Doing so will help build a new consensus on the future of e-scooters, but missing this opportunity means the wheels could fall off completely.

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How not to do crisis comms: a Beeb masterclass

‘No-one mishandles a crisis quite like the BBC’ – so said one anonymous source in yesterday’s Sunday Times. This comes as a Tweet from the W1’s best-paid presenter, denouncing Government immigration policy, left the Corporation floundering amid its biggest communications crisis of the year so far.

The BBC has been suffering from a well-documented ‘brain drain’ for several months, losing top billers Emily Maitliss, Jon Sopel and Louise Minchin to private rivals – leaving an unsettled company culture it its wake. This perhaps explains why a scandal of this magnitude was a long time coming, playing as it did, into both the culture wars, and the BBC’s own wavering sense of identity.

The first mistake made by the corporation was to overlook the core pillar of any crisis communication plan – preparation. The BBC Comms team should have recognised that with an employee base made up of high-profile, prolific Twitter users, a social media storm was always at the top of the risk register. As Lineker’s Tweet started to send shockwaves through the media, a pre-agreed protocol and dedicated crisis team should have leapt into action, rolling-out a well-rehearsed damage limitation exercise. As it happened, the BBC’s response was both agonisingly slow, and lacking any real clarity. With the Tweet published on Tuesday afternoon, it took until Friday for an official BBC decision on Lineker’s position to be communicated. At this point the statement released was that Lineker had ‘decided he would step back,’ teeing up the inevitable: Lineker himself making it clear the decision was not mutual.

Far from defusing the situation, this confused response further exacerbated it, detonating the long-ticking time bomb of dissatisfaction at Broadcasting House.

If the BBC’s failure to act quickly and decisively was its first failing, its second was underestimating the mutiny brewing amid its own staff. As Lineker’s colleagues fell behind him, refusing to appear on-air out of solidarity with the former striker, the story inevitably snowballed – rapidly becoming an internal comms issue as much as an external one. An apologetic email to staff from Director General Tim Davie seemed to do little to extinguish the revolutionary flames, with ‘senior reporters’ briefing against the Corporation and staff chats leaked to the Sunday papers.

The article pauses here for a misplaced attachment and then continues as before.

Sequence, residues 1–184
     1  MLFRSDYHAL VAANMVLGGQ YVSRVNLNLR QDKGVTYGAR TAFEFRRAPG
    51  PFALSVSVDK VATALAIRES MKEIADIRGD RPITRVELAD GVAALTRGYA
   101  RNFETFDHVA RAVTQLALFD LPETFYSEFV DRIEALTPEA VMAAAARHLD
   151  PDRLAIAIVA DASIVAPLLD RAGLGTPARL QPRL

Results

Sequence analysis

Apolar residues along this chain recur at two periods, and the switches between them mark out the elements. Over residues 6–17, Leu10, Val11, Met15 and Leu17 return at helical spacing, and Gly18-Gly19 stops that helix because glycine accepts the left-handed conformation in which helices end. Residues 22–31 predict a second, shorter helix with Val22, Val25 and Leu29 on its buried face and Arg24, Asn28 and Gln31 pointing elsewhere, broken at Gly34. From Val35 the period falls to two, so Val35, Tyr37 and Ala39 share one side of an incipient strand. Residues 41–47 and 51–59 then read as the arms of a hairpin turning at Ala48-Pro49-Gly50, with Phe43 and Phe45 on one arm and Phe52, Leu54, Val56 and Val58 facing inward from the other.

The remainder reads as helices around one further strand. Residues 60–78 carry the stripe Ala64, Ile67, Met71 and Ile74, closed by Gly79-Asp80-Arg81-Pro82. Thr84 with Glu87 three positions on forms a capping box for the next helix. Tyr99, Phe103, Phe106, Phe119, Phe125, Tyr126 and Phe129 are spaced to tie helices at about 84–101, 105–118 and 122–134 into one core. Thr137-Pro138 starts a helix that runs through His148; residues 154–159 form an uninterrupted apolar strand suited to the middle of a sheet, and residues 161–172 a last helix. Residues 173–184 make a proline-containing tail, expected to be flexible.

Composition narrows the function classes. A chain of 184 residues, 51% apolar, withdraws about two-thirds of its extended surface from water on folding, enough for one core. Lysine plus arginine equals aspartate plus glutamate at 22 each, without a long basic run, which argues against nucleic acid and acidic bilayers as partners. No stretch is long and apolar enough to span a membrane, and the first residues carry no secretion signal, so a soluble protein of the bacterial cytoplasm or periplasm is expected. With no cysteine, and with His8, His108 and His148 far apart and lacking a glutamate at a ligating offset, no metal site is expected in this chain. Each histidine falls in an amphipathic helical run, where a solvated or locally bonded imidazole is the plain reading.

All of this points to the importance of including internal comms as well as external in any crisis plan. The two are often inextricably intertwined, and disgruntled employees – if not effectively communicated with – can quickly become the story more than the original incident.

The mishandling throughout the week resulted in the inevitable – a painful climbdown from the BBC after days of standoff. Lineker is back on air and the BBC is attempting to maintain a ‘business as usual’ façade – but the damage has been done.  In the end, with the BBC long hailed as a bastion of British journalism, the surprise was not the crisis itself, but its handling, given the 2,000 professional communicators in its ranks. In an organisation brimming with journalistic talent, a single Tweet was enough to bring it to its knees.

To find out more about how WA can help advise in a crisis, contact

You can find out more about the services we provide here.

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Girls just wanna have funds

“It’s OK if you don’t know.” 

Ahead of International Women’s Day, WA hosted an all-female panel of financiers to discuss how firms are better engaging with women to improve financial understanding and awareness, and where the industry, policy and the media narrative around women in wealth needs to evolve 

On the panel, Etiksha Patel, Lead Private Banking Director, Metro Bank; Karen Kerrigan, COO, Moneybox; and Elizabeth Caley, Independent Financial Adviser, Aegis Financial Planning Limited discussed what makes women tick when it comes to money and financial products, and how they can better engage with their finances for themselves and for their friends, children and colleagues. 

Women make up 49.6% of the global population and are widely predicted to control 60% of the UK’s wealth by 2025, yet 72% of us feel like we’re not understood by the finance industry.  

This feeling of exclusion is perhaps why only 10% of women prioritise making long term investments which, when women’s pensions on average are £100,000 less than men’s due to the gender pay gap and childcare commitments, seems a very low proportion.   

Elizabeth Caley, who focuses on supporting women, reassuringly said that it’s OK if you don’t understand something relating to your finances: “no one said you should have this knowledge. There seems to be shame attached to it but it’s OK if you don’t know, that’s why we’re here.”